The other question I always have is, “What else are you doing?” Mental and behavioral health has many disciplines under its umbrella. In my case, I visit a psychiatric nurse practitioner and a counselor. One helps with the medication, the other helps with getting down to the nitty gritty of “taking every thought captive” and learning how to identify and overcome the destructive patterns in my life. Besides those, I also see my family doctor to work on my health (I am working to lose weight and get my blood sugar, cholesterol, and blood pressure to normal levels), and I am open with those closest to me like my wife, my pastor, and some other friends at church.
I often tell stories about my time in the hospital as a way to break the ice around mental illness. However, I am frequently told, “but you aren’t like those other people.” That is partially true. I do not have the same illnesses that some of them have. There are more serious cases. However, the biggest difference that I have found is not so much the diagnosis, but the resources. I am blessed with a supportive family and health insurance. I have deployed those resources to the task of getting healthy. Those without such resources bounce around and get worse.
If you or someone you know is struggling with mental illness, help them find the resources that they can use. Speak with your pastor and find out what your church can do. If you are struggling, tell a supportive loved one and start finding your resources. They are all a part of getting to a better place.
Several years ago, I had a bad car accident. After several hours in the Emergency Room, I was released. I had broken my right hand in three places and had torn the ligaments on the top of my right foot. This made walking without a crutch impossible and using a crutch almost impossible. When I finally go to my house, I tried to hop up the front steps. I fell and the pain brought me to tears.
“Are you going to let me help you now?” My pastor at that time asked. He was the person who brought me home from the hospital and I refused his help so far getting up to the door of my house. However, now I had to let him help me up and hobble on in.
It is hard to ask another person for help. I would much rather figure out a way to help myself. In American culture, we honor and support this idea. We even have a saying (as inaccurate as it is) that, “God helps those who help themselves.”
On Sunday, my pastor taught on the very end of Ephesians, where the Apostle Paul says his good-byes. He pointed to Ephesians 6:23 where Paul concludes with three things: Peace, Love, and Faith. These are perhaps intended to be his final words to them and thus the legacy that he desires to leave.
Our pastor then challenged us with this question: Am I leaving the same kind of legacy? Am I blessing others with peace, love, and faith?
So today, I have been thinking about this notion of Peace. American Christianity is often associated more with bickering and political strategizing, so I find it hard to point to a good example of this peace. My own life (as any of my readers know) has the internal chaos of depression and anxiety. That’s the opposite of peace!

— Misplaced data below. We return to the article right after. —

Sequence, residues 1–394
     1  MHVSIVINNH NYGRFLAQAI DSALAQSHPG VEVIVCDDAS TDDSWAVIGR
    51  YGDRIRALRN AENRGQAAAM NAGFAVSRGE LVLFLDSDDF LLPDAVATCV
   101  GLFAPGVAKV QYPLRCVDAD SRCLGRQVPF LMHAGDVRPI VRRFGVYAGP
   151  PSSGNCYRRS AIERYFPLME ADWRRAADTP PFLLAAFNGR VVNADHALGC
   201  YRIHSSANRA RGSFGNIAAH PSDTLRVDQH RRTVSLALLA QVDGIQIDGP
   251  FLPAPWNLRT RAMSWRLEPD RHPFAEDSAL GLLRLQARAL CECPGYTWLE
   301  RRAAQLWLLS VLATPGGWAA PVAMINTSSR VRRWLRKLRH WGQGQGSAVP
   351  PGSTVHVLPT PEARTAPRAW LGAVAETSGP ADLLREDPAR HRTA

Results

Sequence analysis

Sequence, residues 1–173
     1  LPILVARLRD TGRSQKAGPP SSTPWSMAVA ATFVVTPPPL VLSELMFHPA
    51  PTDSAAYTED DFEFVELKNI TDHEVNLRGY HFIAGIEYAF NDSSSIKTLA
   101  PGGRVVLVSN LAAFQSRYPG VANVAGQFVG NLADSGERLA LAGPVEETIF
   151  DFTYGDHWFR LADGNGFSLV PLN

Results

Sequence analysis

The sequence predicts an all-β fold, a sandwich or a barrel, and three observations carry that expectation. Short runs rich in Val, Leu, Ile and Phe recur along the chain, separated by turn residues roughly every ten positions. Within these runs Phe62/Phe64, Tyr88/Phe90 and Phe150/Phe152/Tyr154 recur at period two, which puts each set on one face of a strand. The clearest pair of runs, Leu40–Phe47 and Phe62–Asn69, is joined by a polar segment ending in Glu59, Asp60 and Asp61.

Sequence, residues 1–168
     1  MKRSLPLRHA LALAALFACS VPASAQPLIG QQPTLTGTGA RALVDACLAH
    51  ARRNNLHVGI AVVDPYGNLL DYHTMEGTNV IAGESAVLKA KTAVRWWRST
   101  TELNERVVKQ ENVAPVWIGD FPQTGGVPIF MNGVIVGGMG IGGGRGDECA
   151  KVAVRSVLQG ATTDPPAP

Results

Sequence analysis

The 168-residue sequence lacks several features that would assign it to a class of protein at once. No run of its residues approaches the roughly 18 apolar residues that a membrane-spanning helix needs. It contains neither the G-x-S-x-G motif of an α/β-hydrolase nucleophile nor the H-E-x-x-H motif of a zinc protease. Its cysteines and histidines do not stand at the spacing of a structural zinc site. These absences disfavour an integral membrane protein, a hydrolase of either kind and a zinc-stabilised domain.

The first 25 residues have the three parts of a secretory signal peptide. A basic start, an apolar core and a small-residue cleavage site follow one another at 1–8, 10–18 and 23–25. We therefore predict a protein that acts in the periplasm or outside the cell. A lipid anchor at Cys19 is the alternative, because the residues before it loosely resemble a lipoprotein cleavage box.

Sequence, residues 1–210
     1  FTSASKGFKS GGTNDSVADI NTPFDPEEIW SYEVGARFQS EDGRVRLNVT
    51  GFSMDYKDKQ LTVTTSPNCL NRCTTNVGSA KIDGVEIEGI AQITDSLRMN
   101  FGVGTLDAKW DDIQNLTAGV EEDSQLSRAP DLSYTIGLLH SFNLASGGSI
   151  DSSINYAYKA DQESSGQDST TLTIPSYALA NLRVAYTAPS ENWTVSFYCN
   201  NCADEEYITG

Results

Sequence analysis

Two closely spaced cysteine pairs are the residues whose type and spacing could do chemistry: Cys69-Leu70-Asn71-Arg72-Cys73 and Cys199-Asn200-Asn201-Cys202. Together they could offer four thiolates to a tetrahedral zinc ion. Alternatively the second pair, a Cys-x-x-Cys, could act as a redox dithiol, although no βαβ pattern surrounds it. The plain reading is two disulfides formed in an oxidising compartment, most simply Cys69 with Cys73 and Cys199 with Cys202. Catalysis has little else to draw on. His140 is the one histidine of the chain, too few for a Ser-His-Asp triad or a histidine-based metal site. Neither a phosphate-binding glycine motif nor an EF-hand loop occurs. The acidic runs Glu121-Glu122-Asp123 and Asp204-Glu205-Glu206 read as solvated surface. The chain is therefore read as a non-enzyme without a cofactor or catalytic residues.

The Baker Encyclopedia of the Bible defines Peace as "Total well-being, prosperity, and security associated with God's presence" A quick glance at most popular Christian television shows and books suggests that Christians today are pretty focused on well-being, prosperity, and security. But would we say that is Peace?
Did the Baker Encyclopedia get it wrong? After all, a major struggle for me as always been to find peace with myself, and one need not look far for examples of those whom enjoy the most prosperity having this same struggle.
There are two missing keys here. The first is right in front of me in the Baker definition: Total well-being, prosperity, and security associated with God's presence. So often, we think of our faith as something we use to attain things like well-being, prosperity, and security, and we get frustrated when despite our best efforts at believing, these things are still lacking. That is because we are striving for a notion of peace that is found apart from God. Seeking God's usefulness is not the same thing as seeking God's presence. I would imagine the difference is something like the difference between sitting in a room, talking with a good friend, and sitting in a room, barking orders at my good friend so that he is reduced to being my butler.
This leads to the other missing key, that peace is something to be shared. For the Christian, the way to experience God's presence is found far more often in gathering with other believers than it is in being alone. This is the necessary value of the church. If our desire for our well-being, prosperity, and security leads to making God our butler, then it will also lead to the church becoming nothing more than a supply closet. It becomes a place we go when we feel we need something. However, if we are seeking God's presence then the church is no longer a place but those fellow believers where we experience that presence together. In the New Testament, the word for "Church," always refers to a group of people rather than place or building. It would be hundreds of years later, and sometime around when Governments started to see Christianity as a tool for political power, that the use of the word changed.
So my desire for peace, and thus, my desire for total-well being, prosperity, and security must be focused on the presence of God and sharing these things amongst one another.
That is the hard part. Something in our nature wants us to seek our own well-being over that of others, but in Christ, we are to seek our well being in that of others.
This is why it is not only helpful, but necessary to both rely on others and serve others. It is easy for a person like myself to try to isolate myself. I’d love it if I could just sit somewhere and write all the time. Of course, a story that is not read, like a song that is never heard, hardly exists. Likewise, for the Christian to exist in and experience peace, requires that our lives, messy as they are, be intertwined with others.
Peace to you!
Author, Parent, Husband, Christ-follower